Now, before you storm off pledging your allegiance to C by finding a new operating system: nothing is happening yet. [Nick] simply tested the waters for a possible future of Rust within the Linux kernel code base, which is something he’s planning to bring up for discussion in this year’s Linux Plumbers Conference — the annual kernel developer gathering. The interesting part is [Linus Torvalds]’s respone on the LKML thread, which leaves everyone hoping for a hearty signature Rust rant akin to his C++ one disappointed. Instead, his main concern is that a soft and optional introduction of the support in the build system would leave possible bugs hidden, and therefore should be automatically enabled if a Rust compiler is present — essentially implying that he seems otherwise on board.

We’ll see what comes of it, but with Rust language team lead [Josh Triplett] stating that enhancements benefiting and advancing a kernel integration are certainly imaginable for Rust itself, we might see interesting collaborations coming up in the near future. If you don’t want to wait for that and use Rust already today in a user-land driver, check out this 35c3 talk. And if that doesn’t go far enough for you, here’s a whole (non-Linux) kernel written in Rust.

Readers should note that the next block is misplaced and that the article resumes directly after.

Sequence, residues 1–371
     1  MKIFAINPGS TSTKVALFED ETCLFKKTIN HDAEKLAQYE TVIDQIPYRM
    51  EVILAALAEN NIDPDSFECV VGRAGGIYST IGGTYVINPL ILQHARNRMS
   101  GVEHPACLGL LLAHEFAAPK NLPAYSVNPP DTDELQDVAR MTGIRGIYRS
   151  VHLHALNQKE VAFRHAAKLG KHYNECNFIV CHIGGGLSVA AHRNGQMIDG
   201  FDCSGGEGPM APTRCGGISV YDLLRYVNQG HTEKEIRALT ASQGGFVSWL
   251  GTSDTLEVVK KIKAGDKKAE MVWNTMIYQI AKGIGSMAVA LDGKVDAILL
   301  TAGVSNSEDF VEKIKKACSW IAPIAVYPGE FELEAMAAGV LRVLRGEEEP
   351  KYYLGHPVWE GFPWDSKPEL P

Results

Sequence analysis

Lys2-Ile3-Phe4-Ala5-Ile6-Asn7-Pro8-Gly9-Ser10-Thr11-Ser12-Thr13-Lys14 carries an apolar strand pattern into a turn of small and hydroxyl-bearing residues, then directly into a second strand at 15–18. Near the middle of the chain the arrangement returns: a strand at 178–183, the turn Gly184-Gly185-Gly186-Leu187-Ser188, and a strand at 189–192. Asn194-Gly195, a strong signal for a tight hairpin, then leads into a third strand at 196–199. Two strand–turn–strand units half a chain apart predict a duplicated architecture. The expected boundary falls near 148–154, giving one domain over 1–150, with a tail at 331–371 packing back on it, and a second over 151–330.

Under The (Linux) Hood

We’ve often heard that you don’t need to know how an engine works to drive a car, but you can bet that professional race car drivers know. By analogy, you can build lots of systems with off-the-shelf boards like Raspberry Pis and program that using Python or some other high-level abstraction. The most competent hackers, though, know what’s going on inside that Pi and what Python is doing under the hood down to some low level.

If you’ve been using Linux “under the hood” often means understanding what happens inside the kernel–the heart of the Linux OS that manages and controls everything. It can be a bit daunting; the kernel is┬ásimple in concept, but has grown over the years and is now a big chunk of software to approach.

Your first embedded system project probably shouldn’t be a real time 3D gamma ray scanner. A blinking LED is a better start. If you are approaching the kernel, you need a similar entry level project. [Stephen Brennan] has just the project for you: add your own system call to a custom Linux kernel.